Good day, friends! Today is our next post in our series on how to make and keep a plan for successfully reaching debt freedom. Last time, we talked about making a?personalized plan?for your road to becoming debt free.
Today, we’ll talk about overcoming potential road blocks. A journey to debt free often takes at least one year, and often two to five years or more to reach.? Anyone who’s ever worked to reach a long-term goal knows that many bumps can crop up along the way to deter you from reaching that long-term goal, so today we’ll talk about how to overcome some of those road blocks and help make sure you cross the finish line to debt freedom.
Overconfidence in Your Debt Freedom Plan
Sometimes, when working a plan to become debt free, overconfidence can crop up and derail your payoff efforts. This overconfidence comes in thoughts such as “I’m doing GREAT! I’m in a much better place than I was six months ago, so it’s okay to charge a few hundred dollars and pick up that new TV. I’ll be able to pay it off quickly.”
If you’re working through your debt freedom plan and having thoughts like this come up, it’s time to remember the vital step of correcting your mindset regarding your debt and your plan. It’s time to remember that the right attitude is what will get you success and is just as important as the individual steps you’ll take to become debt free. The perspective has to be one of overcoming your debt,?not succumbing to it. If your goal is to become debt free, the debt has to become your enemy, not just a friend who you’re going to stop seeing for a bit.
Dealing With Debt Fatigue
When your debt-free journey is going to take awhile, it’s easy to get tired, emotionally, of dealing with the problem, even if you are making progress. Many people reach the point where they are sick and tired of making budgets, limiting spending and looking at spreadsheets, and they’re ready to dump the whole plan by the wayside. This is completely understandable: paying off debt?is hard work! So how does one combat debt fatigue?
First, remind yourself of the reasons you started this journey in the first place. Have a list of motivational “whys” close by so that you have the motivation to keep on going. Second, go to others for support, whether it be your spouse, a trusted friend, or like-minded people you find in the blogging world. Most of the people I know in real life have very little interest in discussing money and financial independence with me: they just don’t find it exciting, so the blogging world has been instrumental in helping me stick with our plan for debt freedom.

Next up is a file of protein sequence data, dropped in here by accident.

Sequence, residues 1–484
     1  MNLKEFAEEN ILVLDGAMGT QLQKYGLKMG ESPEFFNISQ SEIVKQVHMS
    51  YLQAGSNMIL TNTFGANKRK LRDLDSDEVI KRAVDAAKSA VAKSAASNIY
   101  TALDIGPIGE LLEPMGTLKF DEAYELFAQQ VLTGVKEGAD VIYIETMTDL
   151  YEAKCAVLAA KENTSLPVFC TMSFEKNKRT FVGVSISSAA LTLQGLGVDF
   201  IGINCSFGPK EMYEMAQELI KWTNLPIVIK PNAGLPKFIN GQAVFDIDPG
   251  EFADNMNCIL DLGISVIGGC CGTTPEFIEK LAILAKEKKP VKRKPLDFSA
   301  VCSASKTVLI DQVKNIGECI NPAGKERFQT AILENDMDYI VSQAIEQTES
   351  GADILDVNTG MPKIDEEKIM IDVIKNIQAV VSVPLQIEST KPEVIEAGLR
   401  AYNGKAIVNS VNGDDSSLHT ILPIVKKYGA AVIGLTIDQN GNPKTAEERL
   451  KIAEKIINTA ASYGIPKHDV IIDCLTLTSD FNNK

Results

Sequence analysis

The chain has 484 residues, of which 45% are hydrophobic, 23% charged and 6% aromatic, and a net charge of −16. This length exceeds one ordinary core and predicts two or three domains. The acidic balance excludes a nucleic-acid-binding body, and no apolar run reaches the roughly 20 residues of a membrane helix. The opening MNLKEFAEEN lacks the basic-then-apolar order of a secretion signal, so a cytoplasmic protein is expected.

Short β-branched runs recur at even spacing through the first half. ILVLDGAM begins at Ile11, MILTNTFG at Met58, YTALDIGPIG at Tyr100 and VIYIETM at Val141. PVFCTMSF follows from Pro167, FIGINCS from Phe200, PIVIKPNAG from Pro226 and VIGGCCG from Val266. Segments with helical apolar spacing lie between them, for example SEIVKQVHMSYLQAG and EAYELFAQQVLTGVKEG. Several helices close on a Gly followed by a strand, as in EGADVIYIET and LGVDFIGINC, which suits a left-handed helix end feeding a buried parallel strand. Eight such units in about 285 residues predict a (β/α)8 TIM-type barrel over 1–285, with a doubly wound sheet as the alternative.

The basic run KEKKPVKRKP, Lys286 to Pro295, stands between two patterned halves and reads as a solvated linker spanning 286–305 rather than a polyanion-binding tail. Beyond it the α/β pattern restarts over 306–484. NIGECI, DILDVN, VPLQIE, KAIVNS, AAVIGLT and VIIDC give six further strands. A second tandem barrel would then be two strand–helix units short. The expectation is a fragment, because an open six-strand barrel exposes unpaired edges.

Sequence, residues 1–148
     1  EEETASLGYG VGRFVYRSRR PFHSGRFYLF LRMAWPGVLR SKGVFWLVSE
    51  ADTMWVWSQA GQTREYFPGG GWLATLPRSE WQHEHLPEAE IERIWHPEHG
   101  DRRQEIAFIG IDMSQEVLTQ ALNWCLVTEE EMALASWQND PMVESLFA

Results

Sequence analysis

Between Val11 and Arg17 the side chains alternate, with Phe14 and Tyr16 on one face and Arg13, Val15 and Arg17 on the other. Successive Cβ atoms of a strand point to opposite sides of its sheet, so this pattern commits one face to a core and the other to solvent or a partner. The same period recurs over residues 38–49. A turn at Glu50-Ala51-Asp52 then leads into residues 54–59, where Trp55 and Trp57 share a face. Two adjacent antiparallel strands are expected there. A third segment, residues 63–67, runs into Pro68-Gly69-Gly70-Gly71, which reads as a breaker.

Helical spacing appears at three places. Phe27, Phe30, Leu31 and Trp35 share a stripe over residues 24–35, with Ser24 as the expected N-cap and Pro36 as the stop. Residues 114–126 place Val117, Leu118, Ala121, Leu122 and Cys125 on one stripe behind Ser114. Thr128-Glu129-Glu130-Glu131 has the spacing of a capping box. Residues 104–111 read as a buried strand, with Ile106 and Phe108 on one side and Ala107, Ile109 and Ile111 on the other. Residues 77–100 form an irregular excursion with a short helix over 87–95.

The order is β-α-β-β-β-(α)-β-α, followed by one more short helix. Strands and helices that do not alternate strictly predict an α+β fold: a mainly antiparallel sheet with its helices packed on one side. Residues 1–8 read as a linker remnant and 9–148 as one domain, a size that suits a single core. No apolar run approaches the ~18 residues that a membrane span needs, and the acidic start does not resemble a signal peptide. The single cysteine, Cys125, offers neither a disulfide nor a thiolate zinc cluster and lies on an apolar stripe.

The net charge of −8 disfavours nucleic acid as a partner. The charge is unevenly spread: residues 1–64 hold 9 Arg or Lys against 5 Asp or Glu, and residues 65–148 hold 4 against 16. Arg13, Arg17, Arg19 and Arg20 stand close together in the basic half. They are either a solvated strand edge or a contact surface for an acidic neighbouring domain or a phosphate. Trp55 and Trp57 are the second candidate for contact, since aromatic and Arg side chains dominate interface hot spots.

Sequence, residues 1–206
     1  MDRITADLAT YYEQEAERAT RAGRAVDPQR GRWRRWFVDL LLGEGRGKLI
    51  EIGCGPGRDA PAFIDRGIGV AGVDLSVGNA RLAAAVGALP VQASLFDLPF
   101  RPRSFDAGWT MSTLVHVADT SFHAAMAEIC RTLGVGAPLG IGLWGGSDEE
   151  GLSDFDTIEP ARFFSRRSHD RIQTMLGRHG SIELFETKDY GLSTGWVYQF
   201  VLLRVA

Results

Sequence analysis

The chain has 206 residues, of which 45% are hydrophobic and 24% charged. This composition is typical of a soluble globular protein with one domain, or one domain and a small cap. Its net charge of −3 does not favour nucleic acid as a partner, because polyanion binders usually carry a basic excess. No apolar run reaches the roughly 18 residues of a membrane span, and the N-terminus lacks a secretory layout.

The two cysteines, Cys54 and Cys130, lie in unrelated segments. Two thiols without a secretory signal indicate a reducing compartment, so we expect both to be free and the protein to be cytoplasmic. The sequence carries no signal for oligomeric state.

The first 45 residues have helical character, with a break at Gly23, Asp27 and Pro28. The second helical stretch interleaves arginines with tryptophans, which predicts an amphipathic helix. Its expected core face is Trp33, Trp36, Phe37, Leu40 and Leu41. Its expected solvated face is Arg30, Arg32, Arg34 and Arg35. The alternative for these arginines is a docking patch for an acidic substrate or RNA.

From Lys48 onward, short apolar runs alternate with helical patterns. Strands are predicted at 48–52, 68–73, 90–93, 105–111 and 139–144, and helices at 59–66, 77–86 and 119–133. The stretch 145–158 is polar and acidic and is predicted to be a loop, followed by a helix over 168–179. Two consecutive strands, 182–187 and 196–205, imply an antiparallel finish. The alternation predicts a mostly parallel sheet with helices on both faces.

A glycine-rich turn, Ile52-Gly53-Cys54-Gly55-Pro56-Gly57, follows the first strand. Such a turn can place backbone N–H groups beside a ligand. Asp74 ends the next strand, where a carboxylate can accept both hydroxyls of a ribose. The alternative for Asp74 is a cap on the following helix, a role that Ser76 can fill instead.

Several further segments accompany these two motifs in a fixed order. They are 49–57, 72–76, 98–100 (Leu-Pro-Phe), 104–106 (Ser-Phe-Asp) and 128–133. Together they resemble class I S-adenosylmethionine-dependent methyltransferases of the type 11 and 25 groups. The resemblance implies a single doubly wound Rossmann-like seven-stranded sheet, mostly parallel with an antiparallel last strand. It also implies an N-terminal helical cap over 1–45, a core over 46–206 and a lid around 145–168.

A third option for dealing with debt fatigue is to set up a reward system. Put little, inexpensive rewards in place for each milestone you reach toward debt freedom. Those milestones can be whatever motivates you: getting another thousand of debt paid off, sticking with your monthly budget, or completing a no-spend challenge – anything that works to help keep you motivated and on track. The goal is to make debt payoff more fun and thus, help to eliminate debt fatigue.
Letting Money Have too Much Power
This roadblock can also work to hinder your goal to reach debt freedom. On our own journey to debt freedom, I realized recently that I was letting money have so much power that I didn’t even want to spend $7.50 in gas to go see a free event with my family. We went, at my husband’s insistence, and had an absolute blast. That was when I realized that my eagerness to reach debt freedom was sucking the energy and the life right out of me. I had been giving money too much power and had forgotten that money is here to serve us, not the other way around.
Dealing with roadblocks on your way to achieving debt freedom is inevitable, but overcoming those roadblocks is possible with a little work, so don’t let those roadblocks hold you back from the wealth you know you can achieve.
What roadblocks have you encountered when working to reach long-term goals? What are your best tips for overcoming roadblocks? How do you overcome debt fatigue?
Photo courtesy of:?Jayel Aheram